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 THIS POST HAS BEEN UPDATED; SEE BOLDED PARENTHESES AT THE SECOND AND FOURTH PARAGRAPHS.

1. After being struck by the all male panel at a Seattle Times forum on transportation issues and also by a Stranger podcast about of the election,  featuring interviews with all male political pundits—Sandeep Kaushik, Christian Sinderman, and John Wyble—Erica C. Barnett began pushing an important meme to protest the ubiquity of all male panels: #Allmalepanel.

(The Stranger election analysis podcast also included an interview with one of the candidates themselves, Stranger-endorsed Kshama Sawant, a woman, obviously.) 

On transportation, issues it would have been  easy to include women. North Seattle state representative Jessyn Farrell (D-46, North Seattle) is the vice chair of the state house transportation committee. And Mercer Island state representative Judy Clibborn (D-41, Mercer Island) is the chair of the state house transportation committee. Shefali Ranganathan is the deputy director of Transportation Choices Coalition, the group that just powered the successful $930 million transportation levy. (Ranganathan was pictured front and center, above the fold, on the Times front page on the morning after the election to illustrate the levy win.)  Cathy Tuttle is the executive director of Seattle Greenways, a local non-profit that has transformed Seattle's transportation network and helped establish Safe Routes to Schools as a key component of the local levy. And if the Times was looking for pundits and reporters, well, there's always Barnett herself, who's a contributing writer and editorial board member at the influential Seattle Transit Blog.

(And a footnote about Tuttle: Her issues, safe routes to schools and family-friendly bike routes, might not traditionally be considered capital T, transportation issues...which makes the point that the diversity of ideas can be curtailed when moms aren't included as panelists. Not to say that dads aren't aware of those issues, nor that schools are the domain of women. But Tuttle's leadership has expanded the conversation in a way that often gets left out.)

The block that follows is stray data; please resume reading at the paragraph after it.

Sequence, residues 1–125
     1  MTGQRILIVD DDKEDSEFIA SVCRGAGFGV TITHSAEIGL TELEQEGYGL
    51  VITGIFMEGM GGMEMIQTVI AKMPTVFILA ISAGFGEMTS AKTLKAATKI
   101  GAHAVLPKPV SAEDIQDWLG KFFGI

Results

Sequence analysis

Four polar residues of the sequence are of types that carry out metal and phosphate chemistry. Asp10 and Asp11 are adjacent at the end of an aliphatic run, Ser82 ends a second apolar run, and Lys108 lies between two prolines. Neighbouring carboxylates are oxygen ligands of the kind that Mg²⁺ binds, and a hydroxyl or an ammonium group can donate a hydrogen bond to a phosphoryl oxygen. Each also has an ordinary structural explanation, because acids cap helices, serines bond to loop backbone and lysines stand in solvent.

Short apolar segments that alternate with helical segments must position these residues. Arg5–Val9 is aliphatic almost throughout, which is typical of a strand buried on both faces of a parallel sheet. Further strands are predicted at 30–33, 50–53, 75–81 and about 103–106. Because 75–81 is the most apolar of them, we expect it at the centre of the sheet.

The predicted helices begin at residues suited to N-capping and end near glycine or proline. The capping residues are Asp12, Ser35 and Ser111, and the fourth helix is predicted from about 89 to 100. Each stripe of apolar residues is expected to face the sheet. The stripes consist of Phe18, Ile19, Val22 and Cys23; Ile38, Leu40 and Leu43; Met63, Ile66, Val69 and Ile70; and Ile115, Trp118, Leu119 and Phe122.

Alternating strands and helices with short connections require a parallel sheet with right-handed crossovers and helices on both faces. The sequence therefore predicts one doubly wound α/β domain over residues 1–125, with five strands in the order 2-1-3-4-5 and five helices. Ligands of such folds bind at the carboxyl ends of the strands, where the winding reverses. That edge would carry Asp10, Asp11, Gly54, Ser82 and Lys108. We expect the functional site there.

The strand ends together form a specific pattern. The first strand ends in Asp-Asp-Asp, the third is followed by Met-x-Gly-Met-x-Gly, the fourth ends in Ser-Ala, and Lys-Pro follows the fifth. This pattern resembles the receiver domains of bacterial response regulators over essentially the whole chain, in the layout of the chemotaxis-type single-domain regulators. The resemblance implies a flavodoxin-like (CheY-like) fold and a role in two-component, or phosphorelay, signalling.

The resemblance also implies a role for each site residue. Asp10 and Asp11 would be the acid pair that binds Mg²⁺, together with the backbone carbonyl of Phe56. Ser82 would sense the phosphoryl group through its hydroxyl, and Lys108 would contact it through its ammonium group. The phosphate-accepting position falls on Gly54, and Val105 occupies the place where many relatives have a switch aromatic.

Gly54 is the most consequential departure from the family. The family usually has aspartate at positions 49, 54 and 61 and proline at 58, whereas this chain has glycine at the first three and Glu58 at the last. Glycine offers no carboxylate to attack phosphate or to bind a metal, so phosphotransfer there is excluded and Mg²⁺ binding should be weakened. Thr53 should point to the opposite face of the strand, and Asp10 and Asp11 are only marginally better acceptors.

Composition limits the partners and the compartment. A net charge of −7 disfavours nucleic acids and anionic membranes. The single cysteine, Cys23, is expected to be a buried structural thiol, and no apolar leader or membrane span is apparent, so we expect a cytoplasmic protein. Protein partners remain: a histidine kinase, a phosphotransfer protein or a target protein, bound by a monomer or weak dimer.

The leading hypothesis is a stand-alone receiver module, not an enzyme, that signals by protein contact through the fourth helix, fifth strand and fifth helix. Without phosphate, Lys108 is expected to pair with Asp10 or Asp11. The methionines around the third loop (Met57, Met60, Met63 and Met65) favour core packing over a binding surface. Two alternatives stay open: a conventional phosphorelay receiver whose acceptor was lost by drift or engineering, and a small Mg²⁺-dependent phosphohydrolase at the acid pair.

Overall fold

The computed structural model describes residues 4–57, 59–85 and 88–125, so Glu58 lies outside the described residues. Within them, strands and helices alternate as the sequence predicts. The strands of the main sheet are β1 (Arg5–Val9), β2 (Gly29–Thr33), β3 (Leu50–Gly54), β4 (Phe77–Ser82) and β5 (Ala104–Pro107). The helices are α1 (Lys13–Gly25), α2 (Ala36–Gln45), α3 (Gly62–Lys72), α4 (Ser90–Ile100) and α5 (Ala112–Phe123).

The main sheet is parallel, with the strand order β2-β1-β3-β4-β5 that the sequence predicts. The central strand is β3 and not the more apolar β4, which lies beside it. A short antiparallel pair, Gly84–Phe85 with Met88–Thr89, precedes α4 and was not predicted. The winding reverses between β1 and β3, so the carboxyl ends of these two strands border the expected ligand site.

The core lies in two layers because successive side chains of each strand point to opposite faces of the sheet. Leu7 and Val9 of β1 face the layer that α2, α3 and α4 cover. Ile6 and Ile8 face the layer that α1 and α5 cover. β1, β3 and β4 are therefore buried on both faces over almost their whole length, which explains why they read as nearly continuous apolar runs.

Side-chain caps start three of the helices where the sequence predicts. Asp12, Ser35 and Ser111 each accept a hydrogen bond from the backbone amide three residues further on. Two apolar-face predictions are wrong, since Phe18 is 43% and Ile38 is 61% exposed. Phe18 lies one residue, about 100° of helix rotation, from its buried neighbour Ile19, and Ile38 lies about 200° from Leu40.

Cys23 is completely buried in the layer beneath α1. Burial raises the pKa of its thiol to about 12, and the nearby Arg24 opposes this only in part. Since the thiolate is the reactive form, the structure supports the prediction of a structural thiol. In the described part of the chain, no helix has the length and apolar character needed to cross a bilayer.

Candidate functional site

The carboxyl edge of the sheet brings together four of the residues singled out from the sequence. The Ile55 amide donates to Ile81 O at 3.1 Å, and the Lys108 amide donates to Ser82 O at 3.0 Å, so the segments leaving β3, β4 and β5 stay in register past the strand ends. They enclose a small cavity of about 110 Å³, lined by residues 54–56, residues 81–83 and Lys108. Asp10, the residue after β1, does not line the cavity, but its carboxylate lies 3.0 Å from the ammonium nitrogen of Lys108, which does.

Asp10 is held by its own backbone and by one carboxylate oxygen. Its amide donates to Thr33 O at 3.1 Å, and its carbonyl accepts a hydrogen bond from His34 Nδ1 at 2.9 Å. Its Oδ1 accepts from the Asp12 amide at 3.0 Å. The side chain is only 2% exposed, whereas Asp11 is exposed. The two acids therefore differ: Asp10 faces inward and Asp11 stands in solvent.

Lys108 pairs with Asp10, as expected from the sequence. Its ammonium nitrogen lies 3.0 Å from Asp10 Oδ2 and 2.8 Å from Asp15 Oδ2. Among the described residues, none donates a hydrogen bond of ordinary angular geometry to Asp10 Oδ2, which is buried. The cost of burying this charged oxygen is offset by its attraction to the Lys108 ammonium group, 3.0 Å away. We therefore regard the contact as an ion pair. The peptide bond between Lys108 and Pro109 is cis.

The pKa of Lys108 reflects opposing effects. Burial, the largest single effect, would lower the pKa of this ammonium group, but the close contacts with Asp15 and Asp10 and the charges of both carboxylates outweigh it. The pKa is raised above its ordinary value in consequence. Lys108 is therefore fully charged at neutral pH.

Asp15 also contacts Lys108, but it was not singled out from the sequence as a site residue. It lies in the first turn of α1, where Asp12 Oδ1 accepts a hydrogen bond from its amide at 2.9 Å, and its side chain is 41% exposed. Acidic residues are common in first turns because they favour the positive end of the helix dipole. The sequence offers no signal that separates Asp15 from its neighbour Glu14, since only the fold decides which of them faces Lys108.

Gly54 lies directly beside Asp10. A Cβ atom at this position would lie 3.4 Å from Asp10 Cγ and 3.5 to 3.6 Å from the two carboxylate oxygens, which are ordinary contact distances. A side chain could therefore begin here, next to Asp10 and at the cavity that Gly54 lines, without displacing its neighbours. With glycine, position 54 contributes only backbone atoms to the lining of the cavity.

As for the election—one that's about to transform the council from having six men and three women to having either a five to four female majority or a six to three female majority—there were plenty of women who ran campaigns or covered them. Brianna Thomas and Heather Weiner, for example, ran the successful "Honest Elections" campaign (the one that just scored Seattle national notice on  the Sunday New York Times editorial page.) And Cori Simmons headed up communications for citywide victor Lorena Gonzalez while Emma Tupper ran District Five winner Debora Juarez's camapign; the principle consultant on Juarez's campaign was Moxie Media (owned by Lisa MacLean.) It goes on. The women who run Seattlish, for example?

I'm happy to report that the post-election pundit panel I'll be on next week at the Seattle Metropolitan Chamber of Commerce—which seems to be enlightened on this issue (maybe it's because they have a female CEO, Maud Daudon?)—includes a real live woman, KING 5's local politics reporter Natalie Brand.

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2. Speaking of women on the Seattle city council: After the last vote count on Friday afternoon, it looks like Tammy Morales could overtake incumbent city council member Bruce Harrell in Southeast Seattle's District Two race. She's currently  just 378 votes behind two-term incumbent Harrell.

However, after just 2,500 more ballots citywide trickled in on Friday night (and with District Two coming in below Seattle's already low 46 percent turnout at 34 percent so far), Harrell might still hold on. Morales got slightly over 55 percent of Friday's final batch; she needs to be doing a touch better than that—around 56 percent. However, with late ballots trending up for her,  Morales still has a shot at a major upset. And a recount looms anyway.

In West Seattle's District One (we're going to get a woman either way), longtime Nick Licata aide Lisa Herbold seems to be on the way to repeating her last-minute victory during August's primary when she topped Shannon Braddock as the late ballots came in.

Herbold, who was behind on election night last Tuesday 52.92 to 46.48 (or 733 votes), is now down by just 104 votes, having scored 55.7 of Friday's final batch. Her chances of overtaking Braddock are very good.